FAA: Chicago O’Hare Can Begin ‘Global Terminal’ Project

The $7.1 billion plan will involve the demolishing of the airport’s oldest passenger terminal.

Credit: Stacey Wescott/Tribune Content Agency LLC/Alamy Stock Photo

Chicago O’Hare (ORD) has been granted environmental clearance by the US FAA to begin a massive construction project that will culminate in a new terminal opening in 2030 housing both international and domestic flights.

Since 2018, the FAA has been conducting an environmental impact review of the planned ORD expansion. The project will include the demolishing of ORD’s Terminal 2, to be replaced by a “Global Terminal” aimed at facilitating smoother connections between international and domestic flights at the mega hub. Both American Airlines and United Airlines operate hubs at ORD.

O’Hare’s terminal plan is slated to cost $7.1 billion. 

Construction will begin in the spring. First up will be building two satellite concourses to be completed in 2027 and 2028, respectively. These concourses will allow ORD to maintain traffic levels while Terminal 2, the airport’s oldest, is demolished and the new Global Terminal is built. Completion of the new terminal is targeted for 2030.   

“When completed, the satellite concourses will provide approximately 1.3 million square feet of gate and amenity space and dramatically expand the airport's flexibility to accommodate both narrow and widebody aircraft, which allows for a more efficient use of the terminal facilities,” the Chicago Department of Aviation (CDA) said in a statement. “Opening the satellite facilities first will allow O'Hare to maintain gate capacity when existing gates are withdrawn from service to allow construction on the O'Hare Global Terminal to begin later this decade." 

The CDA added that the new terminal will have more than double the space of the existing Terminal 2 and allow for "the integration of international and domestic operations for the airport's two hub carriers.”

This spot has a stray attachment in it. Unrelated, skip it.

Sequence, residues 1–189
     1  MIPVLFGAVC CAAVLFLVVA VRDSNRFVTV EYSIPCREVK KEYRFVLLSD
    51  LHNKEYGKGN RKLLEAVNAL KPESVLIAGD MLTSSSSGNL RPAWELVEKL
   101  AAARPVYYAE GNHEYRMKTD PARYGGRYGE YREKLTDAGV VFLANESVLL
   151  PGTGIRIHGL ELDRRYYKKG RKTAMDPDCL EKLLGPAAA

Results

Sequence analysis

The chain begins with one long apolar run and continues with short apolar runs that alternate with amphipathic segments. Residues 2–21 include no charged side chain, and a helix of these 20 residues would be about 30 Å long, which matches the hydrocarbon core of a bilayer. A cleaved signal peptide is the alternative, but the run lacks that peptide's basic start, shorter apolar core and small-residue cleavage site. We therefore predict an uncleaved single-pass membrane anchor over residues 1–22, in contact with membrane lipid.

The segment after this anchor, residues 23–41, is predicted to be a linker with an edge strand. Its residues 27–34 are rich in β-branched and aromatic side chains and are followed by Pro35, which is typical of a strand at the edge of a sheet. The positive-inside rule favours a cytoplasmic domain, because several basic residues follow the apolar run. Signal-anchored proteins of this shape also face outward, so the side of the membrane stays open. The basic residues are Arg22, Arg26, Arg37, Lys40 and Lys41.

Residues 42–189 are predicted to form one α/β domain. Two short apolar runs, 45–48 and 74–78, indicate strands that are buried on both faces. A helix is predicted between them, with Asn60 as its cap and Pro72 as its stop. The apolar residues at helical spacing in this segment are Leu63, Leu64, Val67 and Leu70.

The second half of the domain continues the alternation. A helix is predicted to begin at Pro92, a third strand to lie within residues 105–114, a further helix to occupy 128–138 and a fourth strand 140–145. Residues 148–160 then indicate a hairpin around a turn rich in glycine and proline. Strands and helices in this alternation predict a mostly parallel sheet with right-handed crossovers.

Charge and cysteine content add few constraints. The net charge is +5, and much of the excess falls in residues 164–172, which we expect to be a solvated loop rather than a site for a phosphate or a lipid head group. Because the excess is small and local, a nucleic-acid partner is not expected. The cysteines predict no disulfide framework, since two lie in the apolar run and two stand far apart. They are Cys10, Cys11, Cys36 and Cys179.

The US Transportation Department (DOT), which oversees the FAA, touted the project as economically critical for Chicago.

“Chicago’s transportation infrastructure is what makes this city an economic powerhouse of global importance,” Transportation Secretary Pete Buttigieg, in Chicago to announce the FAA’s green light on Nov. 21, said. “Now, as we prepare to break ground on O’Hare’s newest terminal, Chicago and this entire region will be positioned to grow and create good-paying jobs through the benefits of first-rate infrastructure, beginning with the construction project itself.”

The FAA said in a statement it “concluded that proposed [ORD] construction projects and changes to air traffic procedures will not significantly affect any environmental resources, including noise, air quality, water resources and historic sites.”

Chicago Mayor Lori Lightfoot, who joined Buttigieg at ORD for the announcement of the FAA’s decision, said: “O'Hare is the lifeblood of Chicago's economy, directly employing tens of thousands of Illinois residents and bringing more than 70 million passengers to and through our city each year. The next phase of work will expand O'Hare's capacity to serve travelers and improve the customer experience, transforming it into one of the greatest airports of the 21st century."

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